Another nice feature of Omnifocus is the ability to indicate the status of the project, whether that be Active, Paused, Cancelled or the most unlikely scenario – completed!
This status is set via the Project Editor window as shown below. Changing this setting also will have a direct impact on the actionable tasks that are displayed. So, if you stop or pause a project, those will not be shown up in the Available Tasks view for instance.
Omnifocus Project Status Settings
A powerful concept in the Getting Things Done (GTD) approach is that of the “Next Action”. This is the next physical thing that you can actually do to move a project forward. This implies that a series of tasks must be done in order to accomplish a project.
Wouldn’t it be nice if that series of tasks were spoon fed one by one in small, digestible chunks that fly towards you with the gentle words of encouragement, “here comes the big airplane!”. Well, in a way this is what Omnifocus 2 does, without the big airplane bit. When you enter tasks for a projects, you can decide how the tasks should be executed,
- Single actions
- In Parallel
- In Series
If you take the Series approach, it will only show the first actionable task on your task list. The others will be hidden (or all tasks can be displayed if you wish). When you complete that first task, the next will be shown, and so on. This helps to remove the feeling of being swamped by tasks by only having the next actionable task per project displayed.
Omnifocus Project type – Parallel, Single actions, Series
The Standard version offers only two perspectives, completed tasks and recently changed. This is not of much benefit
Perspectives has to be the most glamorous title I ever came across for a filter and in Omnifocus that is pretty much the function that it fulfils. The Standard or Pro version of Omnifocus determines what capabilities the Perspectives view comes with.
The Standard version offers only two perspectives, completed tasks and recently changed. This is not of much benefit.
The Pro version on the other hand enables you to set up custom views with defined values for all of the task details such as Flagged, Dates, Estimated Time and so on. This is a much more powerful feature if you are interested to tailor Omnifocus to your particular workflow so that it shows you only the tasks you are interested in. To get more detail about these custom perspectives, check out the video below.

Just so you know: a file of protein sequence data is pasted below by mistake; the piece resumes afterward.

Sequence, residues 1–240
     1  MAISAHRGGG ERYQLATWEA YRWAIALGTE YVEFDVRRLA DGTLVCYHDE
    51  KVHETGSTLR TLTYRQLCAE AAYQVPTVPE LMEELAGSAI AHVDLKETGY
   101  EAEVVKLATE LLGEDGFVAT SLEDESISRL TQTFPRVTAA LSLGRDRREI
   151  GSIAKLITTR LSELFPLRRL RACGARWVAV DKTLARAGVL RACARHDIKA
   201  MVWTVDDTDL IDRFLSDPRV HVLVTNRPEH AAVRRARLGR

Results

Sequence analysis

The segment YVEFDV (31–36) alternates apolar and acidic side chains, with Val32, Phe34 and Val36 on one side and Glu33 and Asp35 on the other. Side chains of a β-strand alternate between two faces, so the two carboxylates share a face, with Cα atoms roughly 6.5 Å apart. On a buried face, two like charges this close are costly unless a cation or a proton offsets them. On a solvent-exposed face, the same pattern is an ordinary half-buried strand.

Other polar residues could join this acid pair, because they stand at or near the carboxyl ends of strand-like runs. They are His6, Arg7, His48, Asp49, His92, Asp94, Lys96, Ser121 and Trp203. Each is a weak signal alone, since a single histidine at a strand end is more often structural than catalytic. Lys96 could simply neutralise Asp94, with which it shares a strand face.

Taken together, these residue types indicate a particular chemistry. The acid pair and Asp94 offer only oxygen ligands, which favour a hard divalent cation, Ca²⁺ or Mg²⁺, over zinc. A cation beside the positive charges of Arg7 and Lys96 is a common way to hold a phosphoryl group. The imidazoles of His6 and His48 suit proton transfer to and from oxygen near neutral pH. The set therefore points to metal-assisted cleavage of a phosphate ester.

Another critical element for both the GTD methodology and Omnifocus 2 is the concept of Reviews. A review is to go through a project or list of tasks on a regular basis. In Omnifocus, it is possible to define which projects you wish to review and at which intervals. Clicking on the review button will then list out all the reviews you have created in order of the next review date.
Configuring Reviews in Omnifocus 2
Omnifocus 2 Standard vs Pro
As mentioned earlier, there are two versions of Omnifocus available for IOS devices, Standard and Pro. The key differences that the Pro version offers is to have custom perspectives and to have flexible organization of those in the Home screen. If you feel the need to have filters based on the task details, then the Pro version would be needed. There is also the possibility to purchase the Standard version and upgrade later to the Pro version using an in-App purchase if you need that extra functionality.
Omnifocus 2 Price
At the time of writing the pricing of Omnifocus 2 for IOS devices is $39.99 for standard and $59.98 for Pro. Those prices are quite high for an App, especially when other task management apps are given away for free. However, you also have to factor in that there is no subscription to pay whereas with some other apps such as Todoist you will have to pay about $30 per year for the Premium version. In the longer term, Omnifocus may turn out to be a good investment. Link to Omnifocus 2 at the iTunes store.
Omnifocus 2 Review Summary
If you fulfill the following two criteria then Omnifocus 2 is probably a good purchase for you
As mentioned previously, Omnifocus 2 is a very competent task manager. It is well aware of its raison d’etre and it executes it with a minimum of fuss. It adheres to many of the principles from the Getting Things Done methodology so if you are a follower of GTD then you will feel quite at home with Omnifocus 2.
While this Omnifocus 2 review has focused on the IOS version, a version for macOS is also available and will likely be an additional purchase for you if you own a plethora of Apple products. But, if your devices extend to Windows PCs or Android then you may have to seek elsewhere as these are not supported by Omnifocus. And, there are other strong Omnifocus 2 alternatives out there such as Todoist that not only support macOS and IOS but a myriad of other platforms. There is an initial high cost of entry to Omnifocus 2, with the IOS standard version costing nearly $40. If you add the macOS standard version on top of that, that brings you to a total of $80. Going for the Pro version brings the initial purchase price to over $100. This is a big chunk of cheese. That said, Omnifocus 2 does not charge any subscription fees like many of it’s competitors. So, over the longer term, it may well turn out to be a sound financial decision.
Wrapping up this Omnifocus 2 Review. If you fulfill the following two criteria then Omnifocus 2 is probably a good purchase for you. Those two criteria are, first you prefer the GTD approach for task management and second, you use exclusively Apple platforms, IOS and macOS. I hope you found this article useful and if so please share on your social network of choice – the little buttons on the left!